As NASA prepares to resume vibration testing of the James Webb Space Telescope after an anomaly last month, it’s asking astronomers to start developing proposals for observations to be carried out by the observatory after its launch.
Engineers installed the first of 18 beryllium-coated mirror segments that will make up the James Webb Space Telescope’s 6.5-meter primary mirror.
The James Webb Space Telescope’s Nobel Prize-winning head astronomer advised planetary scientists to get started on proposals for focusing JWST’s 6.5-meter mirror on objects most closer to home than its usual cosmic quarry.
Self-described "Hubble hugger" John Grunsfeld is at the tiller of NASA’s $5 billion-a-year Science Mission Directorate at a time when the agency is celebrating great mission successes, recovering from great planning failures, and preparing to send more billion-dollar robotic spacecraft out into the solar system.
Northrop Grumman Aerospace Systems has apparently solved technical problems plaguing the James Webb Space Telescope’s cryogenic cooler and is ready to ship the hardware to NASA for environmental testing, the U.S. space agency said.
Replacing faulty electrical wiring that runs behind the James Webb Space Telescope’s (JWST) primary mirror could delay assembly of the flagship observatory’s primary optics package, although the overall mission remains on schedule, a NASA official said April 8.
In another sign of the James Webb Space Telescope's dysfunction, Northrop Grumman denied a GAO request to interview programmatic technical experts unless a supervisor was present.
JWST prime Northrop Grumman last year denied what it has since characterized as an unprecedented request by the GAO for one-on-one interviews with employees overseeing key elements of the program, insisting instead that the workers’ supervisors be present.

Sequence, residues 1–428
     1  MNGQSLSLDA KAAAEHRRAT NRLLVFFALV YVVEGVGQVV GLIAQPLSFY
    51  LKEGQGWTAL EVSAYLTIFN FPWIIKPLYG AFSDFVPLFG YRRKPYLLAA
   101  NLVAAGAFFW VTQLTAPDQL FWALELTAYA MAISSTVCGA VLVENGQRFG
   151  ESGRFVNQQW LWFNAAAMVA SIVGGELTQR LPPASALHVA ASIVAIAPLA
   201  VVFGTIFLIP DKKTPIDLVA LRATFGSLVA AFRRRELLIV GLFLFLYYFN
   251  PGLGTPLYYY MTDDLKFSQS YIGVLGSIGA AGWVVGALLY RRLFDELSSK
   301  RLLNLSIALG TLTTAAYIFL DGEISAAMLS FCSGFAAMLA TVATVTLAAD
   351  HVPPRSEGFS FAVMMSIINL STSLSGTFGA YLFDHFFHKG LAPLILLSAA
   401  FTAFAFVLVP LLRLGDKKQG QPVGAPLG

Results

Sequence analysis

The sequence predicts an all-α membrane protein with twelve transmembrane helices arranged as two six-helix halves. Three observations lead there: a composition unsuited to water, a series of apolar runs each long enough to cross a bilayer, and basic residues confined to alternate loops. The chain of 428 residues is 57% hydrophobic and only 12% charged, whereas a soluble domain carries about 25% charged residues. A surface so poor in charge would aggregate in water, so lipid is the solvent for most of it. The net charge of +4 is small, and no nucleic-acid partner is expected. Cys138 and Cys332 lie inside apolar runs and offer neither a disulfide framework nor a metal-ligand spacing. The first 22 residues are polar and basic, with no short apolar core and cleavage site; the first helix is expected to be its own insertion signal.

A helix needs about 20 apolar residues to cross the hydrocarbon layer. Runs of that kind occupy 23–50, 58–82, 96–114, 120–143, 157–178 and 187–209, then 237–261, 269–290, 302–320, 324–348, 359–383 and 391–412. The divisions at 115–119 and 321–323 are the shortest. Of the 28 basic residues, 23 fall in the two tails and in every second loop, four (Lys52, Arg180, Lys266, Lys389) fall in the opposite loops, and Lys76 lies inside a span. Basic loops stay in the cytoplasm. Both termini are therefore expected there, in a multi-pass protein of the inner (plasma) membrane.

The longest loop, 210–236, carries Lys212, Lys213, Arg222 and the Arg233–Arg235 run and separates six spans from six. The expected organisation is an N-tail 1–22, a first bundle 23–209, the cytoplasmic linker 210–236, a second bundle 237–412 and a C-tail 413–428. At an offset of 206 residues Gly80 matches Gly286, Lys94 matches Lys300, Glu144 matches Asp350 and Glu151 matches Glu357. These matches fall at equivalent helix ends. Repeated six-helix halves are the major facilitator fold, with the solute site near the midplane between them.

The newest member of the House Appropriations subcommittee that funds NASA appears to be eyeing the James Webb Space Telescope’s budget wedge to fund human space exploration after JWST finally launches. A former NASA Astrophysics Division director says scientists should be concerned.
The cryogenic cooling system intended to chill one of Webb’s four primary science instruments is still causing problems for contractor Northrop Grumman and remains the top risk to an on-time launch in 2018.
Manufacturing difficulties plagued major elements of the James Webb Space Telescope this year, forcing prime contractor Northrop Grumman Aerospace Systems to rebuild key structural elements declared unfit for flight while continuing to grapple with a persistently problematic cryogenic compressor needed to keep JWST’s infrared sensors cold.
All four of Webb’s primary instruments have been mounted to the observatory’s integrated science instrument module.
NASA expects to decide in May whether a technically challenging cryogenic cooler needed for one of the instruments on its flagship James Webb Space Telescope can fly with existing valves or if replacements under development as a backup will be used instead.